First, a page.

We all famously know the “false promise” of Facebook’s connecting us simultaneously creating isolation through both the insularity of the communities it creates and the curation of our lives.

It also brings back tribal community connections – there is no “disappear to NYC and reinvent yourself” like an 80s movie without your aunt Marcie, that hot girl from high school and 2 guys you met on a train 6 years ago like your “Welcome to NYC” profile pic.

This internet forum age of anonymity has been rendered obsolete by these tribal villages and our quest for brand management zen: curating the perfect You Inc. portfolio online.

The other part of the relationship is this:

Retrieval is to enhancement as obsolescence is to reversal.

What is retrieved is an outgrowth of the enhancement. What is obsolesced creates opportunity for reversal.

In the Facebook example, the isolation of staring at a screen alone for social contact creates an opportunity for reversal: we see it in meetup.com – a community that aims only to set dates and times online for people to meet in person.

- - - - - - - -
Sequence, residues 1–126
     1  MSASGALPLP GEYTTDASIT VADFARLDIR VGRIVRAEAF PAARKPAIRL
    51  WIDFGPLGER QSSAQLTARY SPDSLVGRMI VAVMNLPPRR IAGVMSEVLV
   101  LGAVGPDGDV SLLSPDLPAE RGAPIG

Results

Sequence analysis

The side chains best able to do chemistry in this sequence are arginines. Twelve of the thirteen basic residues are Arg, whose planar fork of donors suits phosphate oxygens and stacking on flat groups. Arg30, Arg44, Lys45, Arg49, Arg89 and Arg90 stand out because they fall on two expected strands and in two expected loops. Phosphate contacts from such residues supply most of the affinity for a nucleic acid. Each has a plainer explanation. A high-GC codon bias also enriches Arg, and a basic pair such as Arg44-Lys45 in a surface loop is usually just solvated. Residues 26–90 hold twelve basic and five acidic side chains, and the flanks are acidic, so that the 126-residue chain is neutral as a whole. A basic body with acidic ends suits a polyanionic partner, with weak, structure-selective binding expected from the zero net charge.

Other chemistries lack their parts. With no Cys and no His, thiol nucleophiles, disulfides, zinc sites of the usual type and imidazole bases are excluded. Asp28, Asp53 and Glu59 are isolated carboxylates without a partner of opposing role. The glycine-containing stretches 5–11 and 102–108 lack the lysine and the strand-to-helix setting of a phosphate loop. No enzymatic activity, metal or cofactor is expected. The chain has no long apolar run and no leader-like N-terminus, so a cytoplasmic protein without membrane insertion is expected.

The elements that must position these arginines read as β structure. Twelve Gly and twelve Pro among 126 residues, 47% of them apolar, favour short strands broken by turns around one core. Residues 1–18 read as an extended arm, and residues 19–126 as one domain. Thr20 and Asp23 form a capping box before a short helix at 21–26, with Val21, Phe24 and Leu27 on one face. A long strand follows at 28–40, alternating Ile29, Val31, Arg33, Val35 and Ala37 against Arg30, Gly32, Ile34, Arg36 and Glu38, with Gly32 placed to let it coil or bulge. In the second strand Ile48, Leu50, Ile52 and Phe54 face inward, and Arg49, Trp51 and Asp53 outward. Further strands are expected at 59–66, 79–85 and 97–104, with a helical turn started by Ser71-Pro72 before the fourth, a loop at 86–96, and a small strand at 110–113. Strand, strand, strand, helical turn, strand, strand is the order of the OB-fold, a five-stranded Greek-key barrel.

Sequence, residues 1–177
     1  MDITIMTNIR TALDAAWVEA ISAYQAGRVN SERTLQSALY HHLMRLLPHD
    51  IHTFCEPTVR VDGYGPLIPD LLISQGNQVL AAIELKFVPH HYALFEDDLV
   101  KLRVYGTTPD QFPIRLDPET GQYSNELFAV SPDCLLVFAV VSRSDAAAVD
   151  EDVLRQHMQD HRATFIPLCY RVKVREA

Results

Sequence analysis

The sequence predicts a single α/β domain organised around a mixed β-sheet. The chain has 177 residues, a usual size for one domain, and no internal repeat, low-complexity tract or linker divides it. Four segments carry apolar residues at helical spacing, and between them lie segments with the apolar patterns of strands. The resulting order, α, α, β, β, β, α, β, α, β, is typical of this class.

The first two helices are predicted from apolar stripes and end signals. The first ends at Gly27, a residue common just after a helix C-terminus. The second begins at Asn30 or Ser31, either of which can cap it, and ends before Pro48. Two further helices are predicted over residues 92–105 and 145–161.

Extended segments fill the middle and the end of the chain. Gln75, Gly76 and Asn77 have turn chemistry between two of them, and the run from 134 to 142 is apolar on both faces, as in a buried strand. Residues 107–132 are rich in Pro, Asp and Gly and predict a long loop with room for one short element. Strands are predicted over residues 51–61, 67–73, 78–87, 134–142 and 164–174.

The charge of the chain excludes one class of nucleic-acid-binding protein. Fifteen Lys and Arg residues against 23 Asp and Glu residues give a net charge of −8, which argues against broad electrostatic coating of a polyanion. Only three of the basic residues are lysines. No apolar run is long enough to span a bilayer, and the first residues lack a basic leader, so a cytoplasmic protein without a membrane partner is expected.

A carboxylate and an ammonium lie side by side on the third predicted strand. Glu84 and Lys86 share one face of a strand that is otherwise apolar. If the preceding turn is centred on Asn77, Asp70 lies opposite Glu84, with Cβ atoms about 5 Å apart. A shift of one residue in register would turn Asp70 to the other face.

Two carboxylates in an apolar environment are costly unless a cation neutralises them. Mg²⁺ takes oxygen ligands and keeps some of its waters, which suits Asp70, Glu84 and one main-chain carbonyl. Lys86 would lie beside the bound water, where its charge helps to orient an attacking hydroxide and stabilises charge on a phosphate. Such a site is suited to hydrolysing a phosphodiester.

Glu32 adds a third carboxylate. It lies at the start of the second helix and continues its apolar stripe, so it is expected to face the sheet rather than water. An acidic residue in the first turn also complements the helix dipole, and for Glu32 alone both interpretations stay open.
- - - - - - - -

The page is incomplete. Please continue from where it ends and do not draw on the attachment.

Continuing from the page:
This is the online sociality taken to its extreme and reversal.

In doing so, it in fact retrieves the very thing it obsolesced in the first place (meeting in real life) but does so in this “new medium”.

In another example you might be less familiar with, we have Flixel.

This is a technology that creates “living” photos – the photos are taken as a video, one frame is grabbed and held still like a photo and then an element of the photo keeps moving, like an earring or some grass flowing in the breeze.

What this technology is doing is retrieving the motion of video and television, through an extreme outgrowth of the enhancement of the medium: a photograph.

So how can we apply this to our everyday work?